Endovascular treatment of ruptured abdominal aortic aneurysms in the United States (2001-2006): a significant survival benefit over open repair is independently associated with increased institutional volume

James McPhee, Mohammad H Eslami, Elias J Arous, Louis M Messina, Andres Schanzer
Journal of Vascular Surgery 2009, 49 (4): 817-26

OBJECTIVE: Endovascular aortic repair (EVAR) has gained wide acceptance for the elective treatment of abdominal aortic aneurysms (AAA), leading to interest in similar treatment of ruptured abdominal aortic aneurysms (RAAA). The purpose of this study was to evaluate national outcomes after EVAR for RAAA and to assess the effect of institutional volume metrics.

METHODS: The Nationwide Inpatient Sample was used to identify patients treated with open or EVAR for RAAA, 2001-2006. Procedure volume was determined for each institution categorizing hospitals as low-, medium-, and high-volume. The primary outcome was in-hospital mortality. Secondary outcomes related to resource utilization. Multivariable logistic regression models were used to determine independent predictors of EVAR usage and mortality.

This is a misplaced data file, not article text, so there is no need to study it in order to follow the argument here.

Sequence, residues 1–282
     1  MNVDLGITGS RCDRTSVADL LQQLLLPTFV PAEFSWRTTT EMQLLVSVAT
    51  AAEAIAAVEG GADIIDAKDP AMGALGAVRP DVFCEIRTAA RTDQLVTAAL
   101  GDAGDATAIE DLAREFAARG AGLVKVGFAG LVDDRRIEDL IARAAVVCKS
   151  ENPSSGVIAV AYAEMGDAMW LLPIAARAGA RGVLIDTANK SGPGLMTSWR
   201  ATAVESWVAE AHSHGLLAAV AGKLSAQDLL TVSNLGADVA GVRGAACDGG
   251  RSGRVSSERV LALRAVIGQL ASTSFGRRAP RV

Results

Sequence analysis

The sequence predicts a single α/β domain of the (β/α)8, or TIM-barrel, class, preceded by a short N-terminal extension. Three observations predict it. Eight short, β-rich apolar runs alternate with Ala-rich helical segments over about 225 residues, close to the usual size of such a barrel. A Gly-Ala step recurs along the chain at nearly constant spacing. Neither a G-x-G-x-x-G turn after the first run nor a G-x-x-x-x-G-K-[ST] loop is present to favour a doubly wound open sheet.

RESULTS: From 2001 to 2006, an estimated 27,750 hospital discharges for RAAA occurred; 11.5% were treated with EVAR. EVAR utilization increased over time (5.9% in 2001 to 18.9% in 2006, P < .0001) while overall RAAA rates remained constant. EVAR had a lower overall in-hospital mortality than open repair (31.7% vs 40.7%, P < .0001), an effect which amplified when stratified by institutional volume. On multivariable regression, open repair independently predicted mortality (odds ratio [OR] 1.56; 95% confidence interval [CI] 1.29-1.89). EVAR usage for RAAA increased with age (>80 years) (OR 1.58; 95% CI 1.30-1.93), high elective EVAR volume (>40/y) vs medium (19-40/y) (OR 2.65; 95% CI 1.86-3.78) and low (<19/y) (OR 5.37; 95% CI 3.60-8.0). EVAR had a shorter length of stay (11.1 vs 13.8 days, P < .0001), higher discharges to home (65.1% vs 53.9%, P < .0001), and lower charges ($108,672 vs $114,784, P < .0001).

CONCLUSIONS: In the United States, for RAAA, EVAR had a lower postoperative mortality than open repair. Higher elective open repair as well as RAAA volume increased this mortality advantage for EVAR. These results support regionalization of RAAA repair to high volume centers whenever possible and a wider adoption of endovascular repair of RAAA nationwide.

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